Climate Change and Adaptation: Global Change Science
USGS scientists researching global change develop study plans to monitor, assess, and predict how different stressors affect the release of greenhouse gases. Studies conducted at NWRC explore how increases in temperature, sea level, and atmospheric carbon dioxide affect wetland plants and how forest stands along different stages of ecological succession transform, convey, or mediate these atmospheric gases.
Global change is broadly defined under the U.S. Global Change Research Act of 1990 (Public Law 101-606,104 Stat. 3096-3104) as “Changes in the global environment (including alterations in climate, land productivity, oceans or other water resources, atmospheric chemistry, and ecological systems) that may alter the capacity of the Earth to sustain life.” Fluctuations do not necessarily refer to human-induced changes or even to recent occurrences, but reflect long-term changes observed across the globe.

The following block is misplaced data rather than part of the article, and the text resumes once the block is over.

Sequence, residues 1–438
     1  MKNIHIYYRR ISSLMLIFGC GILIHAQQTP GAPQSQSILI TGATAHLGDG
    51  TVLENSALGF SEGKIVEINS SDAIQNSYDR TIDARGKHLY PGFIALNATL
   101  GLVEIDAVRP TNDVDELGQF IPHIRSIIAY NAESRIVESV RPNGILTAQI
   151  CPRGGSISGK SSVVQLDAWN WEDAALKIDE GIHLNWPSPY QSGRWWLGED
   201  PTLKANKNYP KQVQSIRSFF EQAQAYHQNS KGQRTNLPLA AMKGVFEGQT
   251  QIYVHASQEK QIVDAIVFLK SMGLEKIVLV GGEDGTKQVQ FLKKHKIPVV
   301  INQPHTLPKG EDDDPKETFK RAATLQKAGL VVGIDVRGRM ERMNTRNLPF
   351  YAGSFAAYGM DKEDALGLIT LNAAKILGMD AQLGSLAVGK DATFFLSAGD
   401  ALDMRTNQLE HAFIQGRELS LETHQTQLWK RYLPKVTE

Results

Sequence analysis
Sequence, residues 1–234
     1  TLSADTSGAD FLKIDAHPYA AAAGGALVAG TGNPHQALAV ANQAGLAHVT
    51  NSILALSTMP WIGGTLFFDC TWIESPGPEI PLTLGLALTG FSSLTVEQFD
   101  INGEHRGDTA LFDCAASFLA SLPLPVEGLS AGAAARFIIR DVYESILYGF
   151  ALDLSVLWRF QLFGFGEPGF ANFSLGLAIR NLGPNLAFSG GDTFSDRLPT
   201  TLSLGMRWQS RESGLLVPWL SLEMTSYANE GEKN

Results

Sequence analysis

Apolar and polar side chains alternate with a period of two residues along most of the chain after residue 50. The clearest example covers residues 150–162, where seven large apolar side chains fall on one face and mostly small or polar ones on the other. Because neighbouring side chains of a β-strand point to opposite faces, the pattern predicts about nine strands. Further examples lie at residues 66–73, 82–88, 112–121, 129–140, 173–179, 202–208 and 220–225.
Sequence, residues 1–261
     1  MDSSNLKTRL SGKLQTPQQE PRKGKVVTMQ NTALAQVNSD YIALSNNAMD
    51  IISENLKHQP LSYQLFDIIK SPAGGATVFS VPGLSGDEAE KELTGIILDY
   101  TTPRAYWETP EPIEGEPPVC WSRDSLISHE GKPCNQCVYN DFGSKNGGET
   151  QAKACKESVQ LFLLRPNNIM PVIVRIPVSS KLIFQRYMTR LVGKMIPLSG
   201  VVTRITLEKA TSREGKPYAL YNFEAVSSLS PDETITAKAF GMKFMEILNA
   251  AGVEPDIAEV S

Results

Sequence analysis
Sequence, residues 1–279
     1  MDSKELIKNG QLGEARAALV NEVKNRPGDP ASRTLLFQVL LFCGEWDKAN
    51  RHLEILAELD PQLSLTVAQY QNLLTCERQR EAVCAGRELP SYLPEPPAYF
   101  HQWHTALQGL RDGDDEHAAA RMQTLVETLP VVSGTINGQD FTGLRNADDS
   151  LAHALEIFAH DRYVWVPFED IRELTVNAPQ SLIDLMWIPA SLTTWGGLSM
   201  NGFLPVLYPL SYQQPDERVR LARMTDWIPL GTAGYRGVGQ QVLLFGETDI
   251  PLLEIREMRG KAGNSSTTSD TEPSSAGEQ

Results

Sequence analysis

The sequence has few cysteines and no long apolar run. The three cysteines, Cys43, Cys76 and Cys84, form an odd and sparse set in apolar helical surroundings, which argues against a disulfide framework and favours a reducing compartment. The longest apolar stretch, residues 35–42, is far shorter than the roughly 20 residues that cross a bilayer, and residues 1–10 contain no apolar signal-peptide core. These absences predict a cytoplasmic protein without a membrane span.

The USGS undertakes scientific research, monitoring, remote sensing, modeling, synthesis, and forecasting to address the effects of climate and land use change on the Nation’s resources. The resulting research and products are provided as the scientific foundation upon which policymakers, natural resource managers, and the public make informed decisions about the management of natural resources on which they and others depend.
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